Steer clear of citric fruits, such as oranges and grapefruits, as their substantial acidity content can relax the esophageal sphincter and grants greater volumes of stomach acid more access to your throat, thereby worsening symptoms. To that effect, also try to limit your alcohol intake, as it also relaxes the esophagus sphincter but stimulates the production of stomach acid at the same time. Talk about a double blow. 

 

Besides cutting out these foods, there are also a few habits that you need to be addressed as well, in order for your lifestyle to complement your healthier diet. Once you have worked out which foods trigger your symptoms, try to avoid those as best you can; cut down on your smoking (which is good advice in general, anyway, as there is no shortage of health detriments caused by tobacco); and wear looser-fitting clothing that won’t put any pressure around your waist.

obese person measures waist wearing large white t-shirt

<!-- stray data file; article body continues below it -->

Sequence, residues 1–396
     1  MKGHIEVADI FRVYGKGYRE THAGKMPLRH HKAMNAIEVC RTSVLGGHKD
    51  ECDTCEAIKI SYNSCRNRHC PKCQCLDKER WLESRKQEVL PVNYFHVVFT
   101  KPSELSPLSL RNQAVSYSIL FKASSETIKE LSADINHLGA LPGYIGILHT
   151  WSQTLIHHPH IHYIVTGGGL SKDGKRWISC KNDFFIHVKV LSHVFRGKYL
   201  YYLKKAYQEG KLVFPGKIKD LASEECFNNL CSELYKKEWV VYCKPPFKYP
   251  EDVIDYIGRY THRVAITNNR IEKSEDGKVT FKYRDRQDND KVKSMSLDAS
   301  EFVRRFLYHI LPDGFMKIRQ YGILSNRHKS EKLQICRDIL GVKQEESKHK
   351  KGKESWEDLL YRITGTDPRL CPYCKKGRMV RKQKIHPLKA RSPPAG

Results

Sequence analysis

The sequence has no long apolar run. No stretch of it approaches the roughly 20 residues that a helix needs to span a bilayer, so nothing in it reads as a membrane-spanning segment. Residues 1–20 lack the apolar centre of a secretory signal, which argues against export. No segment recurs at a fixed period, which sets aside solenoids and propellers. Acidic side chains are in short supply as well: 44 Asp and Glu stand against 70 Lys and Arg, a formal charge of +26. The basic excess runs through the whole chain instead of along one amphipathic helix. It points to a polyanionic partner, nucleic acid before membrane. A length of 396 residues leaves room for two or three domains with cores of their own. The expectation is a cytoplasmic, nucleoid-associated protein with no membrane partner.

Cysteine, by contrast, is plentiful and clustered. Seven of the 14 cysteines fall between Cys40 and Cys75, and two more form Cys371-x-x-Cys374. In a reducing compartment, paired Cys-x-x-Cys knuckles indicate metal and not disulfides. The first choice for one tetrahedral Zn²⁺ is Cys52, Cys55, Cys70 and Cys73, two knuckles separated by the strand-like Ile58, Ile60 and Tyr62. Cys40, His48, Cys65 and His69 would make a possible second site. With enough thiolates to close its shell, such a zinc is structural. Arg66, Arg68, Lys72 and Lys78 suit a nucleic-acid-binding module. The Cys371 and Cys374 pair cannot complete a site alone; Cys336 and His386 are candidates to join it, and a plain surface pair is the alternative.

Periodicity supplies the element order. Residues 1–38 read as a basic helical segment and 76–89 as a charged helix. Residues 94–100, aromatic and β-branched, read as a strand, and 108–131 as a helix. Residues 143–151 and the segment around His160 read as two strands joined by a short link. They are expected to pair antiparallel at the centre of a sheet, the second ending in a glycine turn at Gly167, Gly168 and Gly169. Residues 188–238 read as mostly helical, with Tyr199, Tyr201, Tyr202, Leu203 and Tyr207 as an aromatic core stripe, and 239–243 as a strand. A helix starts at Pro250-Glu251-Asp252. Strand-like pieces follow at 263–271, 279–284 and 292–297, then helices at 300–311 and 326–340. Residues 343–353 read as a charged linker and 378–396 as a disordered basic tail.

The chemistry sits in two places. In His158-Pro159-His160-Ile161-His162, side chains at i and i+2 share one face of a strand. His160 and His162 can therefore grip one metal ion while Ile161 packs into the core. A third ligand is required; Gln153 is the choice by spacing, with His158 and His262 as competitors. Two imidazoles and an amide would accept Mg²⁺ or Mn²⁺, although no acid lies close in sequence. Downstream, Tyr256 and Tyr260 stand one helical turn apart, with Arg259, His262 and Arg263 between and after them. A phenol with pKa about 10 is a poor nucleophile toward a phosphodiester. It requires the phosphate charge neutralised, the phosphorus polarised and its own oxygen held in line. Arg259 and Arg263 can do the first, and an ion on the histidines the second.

Try and lose weight if you are considered to have an unhealthy BMI – again, generally good advice, anyway – and avoid eating no less than three hours before you go to bed, so your food has enough time to digest before you fall asleep. Many people toss and turn at night, and this movement can cause upset to your stomach if it has only recently been filled with food.

Best foods for acid reflux

Now let’s move on to what you can eat. Firstly, chicken breast isn’t just a great source of protein but this low-fat, lean meat is also a good way to reduce your stomach acid levels, though you’ll want to remove the fatty skin first. Chicken breast is best eaten when baked, grilled, or poached, as frying it will only aggravate your stomach; fried food generally is one of the worst agitators for acid reflux.